The disruption caused by the Covid-19 crisis has forced small business to change how it operates; non-essentials workers are now working remotely and physical events have become virtual.
In this new mass remote and online environment, what can a small business do to protect itself and its workforce from coronavirus scams and cyber security threats?
We spoke to the National Cyber Security Centre (NCSC) for the latest coronavirus cyber security advice:
What cyber security advice do you have for small business?
For organisations of all sizes this period presents a cyber security challenge, and this is particularly the case for those moving towards home working arrangements for the first time, or significantly increasing home working.
The NCSC recently published new guidance for organisations with staff working from home, which includes everything from preparing for home working to helping staff look after devices.
Smaller businesses may also wish to familiarise themselves with the NCSC’s Small Business Guide, which sets out five steps to take to bolster their cyber security, and SMEs should encourage staff to try the NCSC’s e-learning package while working from home.
As well as taking steps to protect themselves from becoming a victim it is important for businesses to plan how they would react if they did have an incident. The NCSC’s Small Business Guide: Response & Recovery helps small businesses prepare their response and plan their recovery.
‘Be careful to spot phishing scams — especially those using coronavirus to seem legitimate’
Home workers must be careful to spot phishing scams — especially those using coronavirus at the moment to seem legitimate. In the event that someone does fall victim, they should as quickly as possible report it to their IT department when the incident is work-related or Action Fraud when it is personal. The NCSC’s guidance on suspicious emails provides more tips on this.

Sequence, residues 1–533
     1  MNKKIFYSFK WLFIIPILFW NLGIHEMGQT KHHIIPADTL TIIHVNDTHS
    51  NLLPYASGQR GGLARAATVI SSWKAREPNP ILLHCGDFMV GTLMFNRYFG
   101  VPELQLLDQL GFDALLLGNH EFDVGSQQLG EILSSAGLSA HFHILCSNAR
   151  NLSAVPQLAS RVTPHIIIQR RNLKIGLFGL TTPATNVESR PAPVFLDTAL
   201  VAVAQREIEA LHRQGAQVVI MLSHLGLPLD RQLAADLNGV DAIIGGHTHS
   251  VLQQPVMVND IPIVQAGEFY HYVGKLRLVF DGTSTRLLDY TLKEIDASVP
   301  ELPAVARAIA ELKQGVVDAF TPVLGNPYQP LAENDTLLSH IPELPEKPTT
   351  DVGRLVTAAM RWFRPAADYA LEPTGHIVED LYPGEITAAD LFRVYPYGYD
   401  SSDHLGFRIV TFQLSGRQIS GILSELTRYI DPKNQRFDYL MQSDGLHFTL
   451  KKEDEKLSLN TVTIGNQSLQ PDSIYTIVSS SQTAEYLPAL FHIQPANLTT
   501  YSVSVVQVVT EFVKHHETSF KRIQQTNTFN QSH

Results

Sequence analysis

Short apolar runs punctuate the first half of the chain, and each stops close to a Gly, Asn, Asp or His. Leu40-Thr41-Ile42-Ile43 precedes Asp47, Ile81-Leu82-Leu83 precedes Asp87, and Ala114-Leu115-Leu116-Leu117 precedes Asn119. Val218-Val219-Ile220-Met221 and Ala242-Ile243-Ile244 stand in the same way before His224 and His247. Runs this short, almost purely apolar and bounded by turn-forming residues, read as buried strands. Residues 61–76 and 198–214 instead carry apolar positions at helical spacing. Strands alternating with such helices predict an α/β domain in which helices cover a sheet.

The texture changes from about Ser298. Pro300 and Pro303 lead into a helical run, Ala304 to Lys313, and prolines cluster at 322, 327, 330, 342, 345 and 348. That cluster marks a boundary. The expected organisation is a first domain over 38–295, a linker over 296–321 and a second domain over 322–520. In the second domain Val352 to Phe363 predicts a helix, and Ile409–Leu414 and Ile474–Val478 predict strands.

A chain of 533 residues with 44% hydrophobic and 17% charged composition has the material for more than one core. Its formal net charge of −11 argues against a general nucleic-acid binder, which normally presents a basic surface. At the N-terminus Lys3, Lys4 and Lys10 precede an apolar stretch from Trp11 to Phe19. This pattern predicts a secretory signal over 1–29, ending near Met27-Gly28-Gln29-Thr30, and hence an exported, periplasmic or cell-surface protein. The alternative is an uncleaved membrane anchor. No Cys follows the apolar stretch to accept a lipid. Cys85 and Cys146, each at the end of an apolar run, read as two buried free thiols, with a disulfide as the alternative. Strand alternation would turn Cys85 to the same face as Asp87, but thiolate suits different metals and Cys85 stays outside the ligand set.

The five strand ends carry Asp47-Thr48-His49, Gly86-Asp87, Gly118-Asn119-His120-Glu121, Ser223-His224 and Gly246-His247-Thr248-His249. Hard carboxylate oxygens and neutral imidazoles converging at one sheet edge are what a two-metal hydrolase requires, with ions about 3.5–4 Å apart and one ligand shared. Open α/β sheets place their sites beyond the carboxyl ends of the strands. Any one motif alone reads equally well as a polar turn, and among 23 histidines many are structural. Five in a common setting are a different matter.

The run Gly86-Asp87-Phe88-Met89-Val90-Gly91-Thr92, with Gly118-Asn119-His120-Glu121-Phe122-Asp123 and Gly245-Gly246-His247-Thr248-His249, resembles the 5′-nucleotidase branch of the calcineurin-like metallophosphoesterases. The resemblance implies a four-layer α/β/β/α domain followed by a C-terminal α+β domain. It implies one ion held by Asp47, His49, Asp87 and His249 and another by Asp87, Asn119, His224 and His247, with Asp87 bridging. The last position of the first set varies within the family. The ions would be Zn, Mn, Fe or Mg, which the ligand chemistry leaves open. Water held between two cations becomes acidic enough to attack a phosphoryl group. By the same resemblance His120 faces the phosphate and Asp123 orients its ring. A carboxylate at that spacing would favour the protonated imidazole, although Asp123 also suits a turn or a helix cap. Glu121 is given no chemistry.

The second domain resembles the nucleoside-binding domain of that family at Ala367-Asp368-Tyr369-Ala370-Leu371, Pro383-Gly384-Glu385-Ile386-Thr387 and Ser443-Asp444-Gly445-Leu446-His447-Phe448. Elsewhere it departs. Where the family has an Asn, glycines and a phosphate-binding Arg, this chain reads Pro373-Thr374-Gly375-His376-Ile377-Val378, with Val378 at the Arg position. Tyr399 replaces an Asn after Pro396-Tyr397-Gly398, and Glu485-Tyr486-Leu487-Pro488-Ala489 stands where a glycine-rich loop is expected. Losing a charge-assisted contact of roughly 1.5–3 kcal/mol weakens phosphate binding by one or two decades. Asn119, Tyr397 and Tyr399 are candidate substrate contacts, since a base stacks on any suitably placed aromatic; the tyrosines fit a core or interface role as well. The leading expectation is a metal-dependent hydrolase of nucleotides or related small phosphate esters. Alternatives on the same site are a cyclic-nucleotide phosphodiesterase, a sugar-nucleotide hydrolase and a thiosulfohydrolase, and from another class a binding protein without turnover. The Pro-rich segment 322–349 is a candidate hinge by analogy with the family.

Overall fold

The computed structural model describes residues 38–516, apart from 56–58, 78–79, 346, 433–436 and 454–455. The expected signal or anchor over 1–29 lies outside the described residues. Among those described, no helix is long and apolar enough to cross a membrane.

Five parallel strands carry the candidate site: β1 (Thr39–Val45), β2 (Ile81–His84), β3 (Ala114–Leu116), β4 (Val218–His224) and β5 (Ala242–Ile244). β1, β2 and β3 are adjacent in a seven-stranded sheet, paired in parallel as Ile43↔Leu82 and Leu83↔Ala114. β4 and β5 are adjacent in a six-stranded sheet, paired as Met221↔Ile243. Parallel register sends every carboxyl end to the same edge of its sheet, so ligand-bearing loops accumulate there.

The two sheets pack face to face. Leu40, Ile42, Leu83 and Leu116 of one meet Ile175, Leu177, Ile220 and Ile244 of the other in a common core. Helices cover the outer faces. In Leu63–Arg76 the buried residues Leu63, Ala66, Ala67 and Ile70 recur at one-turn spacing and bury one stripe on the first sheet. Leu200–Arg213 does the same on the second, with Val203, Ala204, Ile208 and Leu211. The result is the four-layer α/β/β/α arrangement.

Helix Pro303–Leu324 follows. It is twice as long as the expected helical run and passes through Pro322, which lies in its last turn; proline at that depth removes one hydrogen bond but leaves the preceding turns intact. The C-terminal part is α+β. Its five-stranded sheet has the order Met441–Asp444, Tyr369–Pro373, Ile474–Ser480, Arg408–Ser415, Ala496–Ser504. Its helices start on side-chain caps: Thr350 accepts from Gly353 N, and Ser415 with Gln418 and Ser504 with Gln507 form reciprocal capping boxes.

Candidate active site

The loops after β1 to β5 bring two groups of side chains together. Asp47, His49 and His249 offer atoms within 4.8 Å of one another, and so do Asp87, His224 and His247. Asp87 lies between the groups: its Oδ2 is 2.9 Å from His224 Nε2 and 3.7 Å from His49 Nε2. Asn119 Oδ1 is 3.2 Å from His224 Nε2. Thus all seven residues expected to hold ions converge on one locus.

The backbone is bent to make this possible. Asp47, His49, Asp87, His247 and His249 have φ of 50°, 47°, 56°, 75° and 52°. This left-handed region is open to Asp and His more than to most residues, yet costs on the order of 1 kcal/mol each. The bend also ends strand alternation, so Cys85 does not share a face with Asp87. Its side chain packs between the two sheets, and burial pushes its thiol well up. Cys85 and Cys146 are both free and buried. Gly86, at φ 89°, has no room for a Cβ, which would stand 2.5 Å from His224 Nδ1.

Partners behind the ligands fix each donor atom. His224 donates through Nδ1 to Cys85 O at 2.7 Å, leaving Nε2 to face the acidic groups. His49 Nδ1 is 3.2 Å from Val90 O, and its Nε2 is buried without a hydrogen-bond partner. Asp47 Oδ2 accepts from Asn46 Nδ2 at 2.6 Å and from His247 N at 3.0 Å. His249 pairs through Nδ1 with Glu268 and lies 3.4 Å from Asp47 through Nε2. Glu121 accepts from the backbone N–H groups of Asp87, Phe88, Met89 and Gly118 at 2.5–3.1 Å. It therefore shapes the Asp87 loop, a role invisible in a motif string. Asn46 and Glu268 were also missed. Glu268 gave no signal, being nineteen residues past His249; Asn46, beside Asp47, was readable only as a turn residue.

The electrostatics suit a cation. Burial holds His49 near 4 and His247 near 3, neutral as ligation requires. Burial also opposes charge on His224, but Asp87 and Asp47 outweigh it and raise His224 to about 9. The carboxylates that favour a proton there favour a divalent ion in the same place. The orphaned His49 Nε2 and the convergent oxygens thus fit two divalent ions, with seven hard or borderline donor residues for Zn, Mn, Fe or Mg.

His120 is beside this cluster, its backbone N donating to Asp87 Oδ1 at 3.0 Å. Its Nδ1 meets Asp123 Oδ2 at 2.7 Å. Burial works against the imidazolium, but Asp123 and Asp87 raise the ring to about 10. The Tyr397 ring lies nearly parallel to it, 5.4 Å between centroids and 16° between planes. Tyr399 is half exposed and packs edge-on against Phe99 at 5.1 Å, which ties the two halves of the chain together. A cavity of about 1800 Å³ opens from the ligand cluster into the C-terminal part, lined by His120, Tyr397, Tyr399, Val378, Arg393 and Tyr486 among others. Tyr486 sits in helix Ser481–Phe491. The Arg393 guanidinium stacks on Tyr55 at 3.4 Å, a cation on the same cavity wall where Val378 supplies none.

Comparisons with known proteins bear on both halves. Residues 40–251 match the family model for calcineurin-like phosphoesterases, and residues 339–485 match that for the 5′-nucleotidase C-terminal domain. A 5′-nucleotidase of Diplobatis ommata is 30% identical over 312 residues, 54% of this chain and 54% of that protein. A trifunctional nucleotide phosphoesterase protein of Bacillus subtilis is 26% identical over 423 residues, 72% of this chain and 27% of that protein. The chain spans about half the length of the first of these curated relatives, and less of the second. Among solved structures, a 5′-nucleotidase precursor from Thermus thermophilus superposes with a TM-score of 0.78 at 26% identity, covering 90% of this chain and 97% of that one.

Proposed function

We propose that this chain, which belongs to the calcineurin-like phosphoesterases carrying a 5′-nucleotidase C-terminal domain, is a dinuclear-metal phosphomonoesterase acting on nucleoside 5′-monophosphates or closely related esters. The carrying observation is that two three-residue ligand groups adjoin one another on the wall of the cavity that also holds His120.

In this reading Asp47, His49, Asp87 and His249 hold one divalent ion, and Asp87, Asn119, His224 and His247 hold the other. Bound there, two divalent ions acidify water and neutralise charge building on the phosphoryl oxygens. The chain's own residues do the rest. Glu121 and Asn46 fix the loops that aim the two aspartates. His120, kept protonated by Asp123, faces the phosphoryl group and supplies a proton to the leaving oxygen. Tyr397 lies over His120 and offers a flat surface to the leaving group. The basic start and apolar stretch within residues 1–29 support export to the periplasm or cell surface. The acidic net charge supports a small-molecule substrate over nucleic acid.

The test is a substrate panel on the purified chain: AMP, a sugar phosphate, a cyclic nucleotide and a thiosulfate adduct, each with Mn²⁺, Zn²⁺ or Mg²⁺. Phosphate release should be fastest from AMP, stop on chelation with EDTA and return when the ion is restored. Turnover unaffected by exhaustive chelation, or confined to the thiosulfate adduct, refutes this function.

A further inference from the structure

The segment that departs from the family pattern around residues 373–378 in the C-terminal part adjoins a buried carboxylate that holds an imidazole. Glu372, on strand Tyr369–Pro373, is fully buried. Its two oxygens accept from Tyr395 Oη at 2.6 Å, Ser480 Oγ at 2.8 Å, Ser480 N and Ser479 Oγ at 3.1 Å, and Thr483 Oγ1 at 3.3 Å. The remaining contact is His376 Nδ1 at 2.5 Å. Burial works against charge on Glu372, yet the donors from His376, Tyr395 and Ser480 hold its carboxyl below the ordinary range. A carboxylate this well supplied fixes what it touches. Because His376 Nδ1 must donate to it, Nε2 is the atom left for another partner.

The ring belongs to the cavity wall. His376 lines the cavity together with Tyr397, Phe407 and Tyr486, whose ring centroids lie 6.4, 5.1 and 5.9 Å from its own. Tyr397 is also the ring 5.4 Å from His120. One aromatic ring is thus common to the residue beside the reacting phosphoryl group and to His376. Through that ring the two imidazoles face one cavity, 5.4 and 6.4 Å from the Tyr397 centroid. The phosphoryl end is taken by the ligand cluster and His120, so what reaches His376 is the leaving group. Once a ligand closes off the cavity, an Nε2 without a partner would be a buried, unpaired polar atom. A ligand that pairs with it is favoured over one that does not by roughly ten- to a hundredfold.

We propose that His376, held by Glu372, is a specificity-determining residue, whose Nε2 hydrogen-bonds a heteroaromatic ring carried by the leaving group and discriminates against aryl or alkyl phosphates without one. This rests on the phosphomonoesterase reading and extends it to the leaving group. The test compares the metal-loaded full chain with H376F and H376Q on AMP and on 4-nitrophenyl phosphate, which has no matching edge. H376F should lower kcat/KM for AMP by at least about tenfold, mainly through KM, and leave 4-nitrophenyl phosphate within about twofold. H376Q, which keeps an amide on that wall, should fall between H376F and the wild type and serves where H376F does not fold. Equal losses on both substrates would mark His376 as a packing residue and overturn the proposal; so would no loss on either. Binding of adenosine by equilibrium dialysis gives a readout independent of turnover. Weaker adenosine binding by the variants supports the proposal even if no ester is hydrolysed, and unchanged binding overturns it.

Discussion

>See also: How your IT team can support small business during coronavirus lockdown
What can small businesses do to ensure their remote workforce is secure?
Our new home working guidance includes advice on having strong passwords on staff accounts with two-factor authentication, using VPN to allow secure remote access to IT resources, and keeping software up to date. If users are being asked to use their own devices, we’re pointing to our bring-your-own-device guidance.
>See also: Best video conferencing tech for your small business
What is the NCSC’s advice to managers when it comes to security?
While working from home will not be new to many organisations and employees, the coronavirus outbreak is forcing organisations to consider home working on a greater scale, and for a longer period of time. Our advice to leadership is to work closely with their technical teams, familiarise themselves with our security guidance and use it to support employees.
Further reading on small business coronavirus cyber security
Many small businesses still aren’t prepared for cyber attacks